Creating Income Streams with Houses

Topics: Landlording

What about those who don't live in areas where prices rose very swiftly, and where they are now dropping even faster? No matter where you live, there are going to be people who can't sell houses that they must sell. Although housing is a very narrow, local market, credit is a very broad national market. The effects of the banking crisis can be felt in areas where there hasn't been many foreclosures or much financial distress. Nonetheless, sellers can't find buyers who can get the loans they need to buy houses.

In this market, where there are relatively small numbers of unsold houses in bank inventory, finding good long term rental properties and being able to buy them with a combination of creative financing and taking title “subject to” existing loans can make a lot of sense.

You can't make much of a deal unless the seller has a real reason to be motivated to sell. This could result from being laid off, or transfer to another area or part of town, or school closing, or medical issues, or death or divorce. It's incumbent upon the buyer to discover the real source of the motivation and to find a way to ease the sellers' anxiety by buying their house.

Since I NEVER buy any house with institutional financing, I have to rely upon a seller being willing to carry back most of the financing. Absent of rapid appreciation such as we saw in bubble markets, there are really only two tangible rewards for buying a house and holiding it long term. In this Blog, I'll focus on using a house to create an income stream. To do this, I have to find a way to incraese the net positive cash flow by reducing the payment, and to find a way for rents to pay down loans fast.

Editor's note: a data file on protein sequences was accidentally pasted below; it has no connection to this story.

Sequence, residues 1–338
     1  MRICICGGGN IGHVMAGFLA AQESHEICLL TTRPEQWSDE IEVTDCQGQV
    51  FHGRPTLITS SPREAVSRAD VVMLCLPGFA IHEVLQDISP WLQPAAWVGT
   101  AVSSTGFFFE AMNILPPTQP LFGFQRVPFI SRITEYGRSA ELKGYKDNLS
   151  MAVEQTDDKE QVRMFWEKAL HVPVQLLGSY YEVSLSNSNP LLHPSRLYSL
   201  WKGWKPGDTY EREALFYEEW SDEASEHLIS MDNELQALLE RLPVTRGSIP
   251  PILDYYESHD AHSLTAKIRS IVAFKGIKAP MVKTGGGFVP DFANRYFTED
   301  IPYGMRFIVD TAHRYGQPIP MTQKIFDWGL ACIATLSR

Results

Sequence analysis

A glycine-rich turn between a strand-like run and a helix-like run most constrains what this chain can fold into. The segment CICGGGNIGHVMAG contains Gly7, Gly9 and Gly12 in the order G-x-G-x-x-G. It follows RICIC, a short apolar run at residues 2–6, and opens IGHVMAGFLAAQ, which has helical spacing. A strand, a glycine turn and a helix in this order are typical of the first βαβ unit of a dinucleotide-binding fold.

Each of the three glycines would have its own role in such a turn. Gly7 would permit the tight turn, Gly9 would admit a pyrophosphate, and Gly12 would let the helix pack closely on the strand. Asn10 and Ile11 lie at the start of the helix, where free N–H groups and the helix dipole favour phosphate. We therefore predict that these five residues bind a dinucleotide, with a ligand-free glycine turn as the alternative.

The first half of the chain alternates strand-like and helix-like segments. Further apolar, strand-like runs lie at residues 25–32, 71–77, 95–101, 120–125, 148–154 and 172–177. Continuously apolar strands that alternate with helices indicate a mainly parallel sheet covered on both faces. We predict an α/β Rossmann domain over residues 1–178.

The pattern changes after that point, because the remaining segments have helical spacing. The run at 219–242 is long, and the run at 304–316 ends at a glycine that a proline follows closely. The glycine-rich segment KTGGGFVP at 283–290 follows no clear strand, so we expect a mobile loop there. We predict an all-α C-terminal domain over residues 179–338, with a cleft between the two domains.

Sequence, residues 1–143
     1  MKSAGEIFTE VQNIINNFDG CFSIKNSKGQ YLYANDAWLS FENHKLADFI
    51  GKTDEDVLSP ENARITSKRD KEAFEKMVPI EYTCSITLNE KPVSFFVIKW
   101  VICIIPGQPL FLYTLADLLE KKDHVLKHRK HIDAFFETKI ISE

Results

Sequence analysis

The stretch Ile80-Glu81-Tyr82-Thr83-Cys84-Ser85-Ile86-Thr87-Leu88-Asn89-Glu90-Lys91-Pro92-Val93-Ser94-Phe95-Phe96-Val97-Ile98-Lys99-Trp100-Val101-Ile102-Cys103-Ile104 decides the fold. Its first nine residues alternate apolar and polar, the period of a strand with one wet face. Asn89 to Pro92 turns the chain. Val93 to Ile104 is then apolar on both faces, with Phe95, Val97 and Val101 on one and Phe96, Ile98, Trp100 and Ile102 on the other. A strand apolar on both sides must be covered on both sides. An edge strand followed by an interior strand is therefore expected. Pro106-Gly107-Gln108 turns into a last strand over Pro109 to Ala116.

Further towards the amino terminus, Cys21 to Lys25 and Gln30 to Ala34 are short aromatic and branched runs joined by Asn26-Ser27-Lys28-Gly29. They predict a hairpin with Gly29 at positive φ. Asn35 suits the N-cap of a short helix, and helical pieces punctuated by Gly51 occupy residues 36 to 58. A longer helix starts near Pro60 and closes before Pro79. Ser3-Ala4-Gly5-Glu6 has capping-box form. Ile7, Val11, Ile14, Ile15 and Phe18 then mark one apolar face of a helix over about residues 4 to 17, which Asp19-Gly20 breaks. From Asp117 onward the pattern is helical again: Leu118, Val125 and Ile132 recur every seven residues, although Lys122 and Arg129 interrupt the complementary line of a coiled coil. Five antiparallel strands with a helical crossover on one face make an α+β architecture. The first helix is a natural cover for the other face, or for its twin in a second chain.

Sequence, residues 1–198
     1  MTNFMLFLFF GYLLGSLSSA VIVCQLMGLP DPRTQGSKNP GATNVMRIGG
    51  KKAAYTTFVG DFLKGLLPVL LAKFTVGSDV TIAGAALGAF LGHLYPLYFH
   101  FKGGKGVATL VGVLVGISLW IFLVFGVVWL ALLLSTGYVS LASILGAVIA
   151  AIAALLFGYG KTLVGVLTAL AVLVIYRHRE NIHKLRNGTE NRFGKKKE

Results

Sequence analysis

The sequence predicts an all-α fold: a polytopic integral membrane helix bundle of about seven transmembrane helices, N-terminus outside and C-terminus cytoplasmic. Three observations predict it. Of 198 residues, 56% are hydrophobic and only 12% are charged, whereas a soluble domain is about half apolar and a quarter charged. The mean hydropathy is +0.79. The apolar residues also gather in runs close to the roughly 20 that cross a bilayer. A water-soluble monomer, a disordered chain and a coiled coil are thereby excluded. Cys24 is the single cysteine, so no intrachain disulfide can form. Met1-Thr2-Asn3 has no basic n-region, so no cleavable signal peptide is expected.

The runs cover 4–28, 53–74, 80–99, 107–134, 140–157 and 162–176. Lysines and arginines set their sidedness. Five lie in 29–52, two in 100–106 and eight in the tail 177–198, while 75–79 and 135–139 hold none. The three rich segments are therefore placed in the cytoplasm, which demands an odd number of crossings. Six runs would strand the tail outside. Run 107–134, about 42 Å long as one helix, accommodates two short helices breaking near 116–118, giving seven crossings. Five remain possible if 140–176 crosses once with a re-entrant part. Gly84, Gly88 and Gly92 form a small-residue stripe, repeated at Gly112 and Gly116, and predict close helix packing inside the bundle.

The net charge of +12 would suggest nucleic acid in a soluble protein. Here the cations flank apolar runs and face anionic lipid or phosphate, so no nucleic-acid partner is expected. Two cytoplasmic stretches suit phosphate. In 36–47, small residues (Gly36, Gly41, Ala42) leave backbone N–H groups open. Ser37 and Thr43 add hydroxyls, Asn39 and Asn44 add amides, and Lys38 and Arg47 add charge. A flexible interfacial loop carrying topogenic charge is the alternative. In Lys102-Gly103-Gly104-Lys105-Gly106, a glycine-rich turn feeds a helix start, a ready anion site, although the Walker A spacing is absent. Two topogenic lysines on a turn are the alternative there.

If you want a property primarily because of its potential for creating a rental income stream, the easiest way to do this is to “sandwich lease” it. This is achieve by leasing a house with the right to sublease at one long germ rental rate, and to sub-lease it for more than you are paying. To grasp the efficiency of this, ask yourself how big a down payment you would have to put down on a house with a 6%, 30-year loan in order to be able to have it produce as much NET cashflow as a sandwich lease that produced $150 per month.

If you had to come up with $30,000 to do this, then the value of your lease would be that much; but realistically, you'd have to put down much more on an upscale house that would attract better, more stable tenants. Even if you could come up with the cash without borrowing it, how many houses could you buy? By setting and meeting your net cash flow objectives, the only limit on the number of leases you could enter into would be your ability to manage the houses.

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